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    Harvard plan for Allston research campus gets boost from city agency

    Construction on a Harvard University science and engineering building in Allston, near the university’s planned Enterprise Research Campus.
    Suzanne Kreiter/Globe staff
    Construction on a Harvard University science and engineering building in Allston, near the university’s planned Enterprise Research Campus.

    A massive business campus that one day could be Harvard University’s answer to Kendall Square took a key step forward Thursday evening.

    The Boston Planning & Development Agency approved a master plan for the first phase of Harvard’s planned Enterprise Research Campus in Allston, which will cover 14 acres. The university aims to start on the broader 36-acre project with 900,000 square feet of office space, housing, and hotel rooms along Western Avenue on former railyards and industrial land.

    The campus is still in its early stages, but Harvard spokesman Kevin Casey said it’s a bid to draw innovative businesses to the doorstep of both Harvard Business School and a huge science and engineering facility Harvard is building up the street.


    “It’s not just going to be any companies” that move to the site, Casey said. “It’s going to be organizations that have a thirst to be near entrepreneurial activity.”

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    The plan, which was launched publicly in November, is only a broad outline, and that caused neighbors – and some BPDA board members – to worry about how Harvard will deal with issues like transportation and affordable housing. Several neighborhood residents spoke at Thursday’s hearing, urging Harvard to slow down and fill in the details before it proceeds.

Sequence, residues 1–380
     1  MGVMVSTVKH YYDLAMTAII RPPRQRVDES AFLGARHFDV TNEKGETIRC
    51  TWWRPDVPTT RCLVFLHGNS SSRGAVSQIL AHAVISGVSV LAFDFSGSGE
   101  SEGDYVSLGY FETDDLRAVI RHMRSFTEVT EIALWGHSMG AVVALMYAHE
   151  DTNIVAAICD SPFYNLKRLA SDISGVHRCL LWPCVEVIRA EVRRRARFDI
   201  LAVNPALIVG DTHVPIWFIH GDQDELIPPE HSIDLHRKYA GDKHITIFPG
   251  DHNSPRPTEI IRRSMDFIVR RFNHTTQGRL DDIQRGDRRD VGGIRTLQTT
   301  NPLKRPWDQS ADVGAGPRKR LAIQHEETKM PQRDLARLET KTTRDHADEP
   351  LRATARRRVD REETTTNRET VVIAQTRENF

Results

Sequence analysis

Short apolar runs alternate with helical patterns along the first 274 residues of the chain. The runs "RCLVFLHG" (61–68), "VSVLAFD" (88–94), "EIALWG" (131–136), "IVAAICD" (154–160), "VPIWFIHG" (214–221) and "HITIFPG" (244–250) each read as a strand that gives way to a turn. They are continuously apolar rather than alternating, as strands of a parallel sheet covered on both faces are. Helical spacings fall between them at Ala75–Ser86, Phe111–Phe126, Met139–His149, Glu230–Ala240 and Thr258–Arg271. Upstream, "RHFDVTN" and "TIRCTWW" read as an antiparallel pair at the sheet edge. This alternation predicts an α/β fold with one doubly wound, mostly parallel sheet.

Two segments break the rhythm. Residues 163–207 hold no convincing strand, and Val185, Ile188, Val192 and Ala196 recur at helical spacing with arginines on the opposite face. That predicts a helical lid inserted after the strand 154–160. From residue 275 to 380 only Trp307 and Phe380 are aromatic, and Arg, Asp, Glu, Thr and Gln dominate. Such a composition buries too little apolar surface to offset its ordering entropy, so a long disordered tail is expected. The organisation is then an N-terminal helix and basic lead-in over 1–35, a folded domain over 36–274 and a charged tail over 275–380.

The zoning could allow for a string of 200-foot-tall buildings, with unclear guidelines for what might occupy them, said Brighton resident Tim McHale.

    “We’re faced with a mini-metropolis here,” he said. “We want to know what we’re getting ourselves into.”

    More details will be forthcoming during the planning process, Casey promised. Harvard plans to work with private developers to propose and build individual buildings, each of which will undergo detailed study before they’re approved.


    “We think it’s necessary to come back with actual plans,” Casey said. “But we want to be clear that those issues are going to be on our minds.”

    That satisfied board members, for now. It voted 4-1 to approve the plan, while instructing Harvard to go back to neighborhood groups with more information.

    The Allston plan was one several major projects before the board Thursday evening.

    It was also set to vote on a plan to dole out $5 million in annual tax breaks to Amazon, in return for the company bringing 2,000 new jobs to the Seaport District.

    Also on the docket was a proposed condominium tower on Boylston Street, expansion of Hood Park in Charlestown, and redevelopment of the One Post Office Square building downtown.

    Tim Logan can be reached at Follow him on Twitter at @bytimlogan.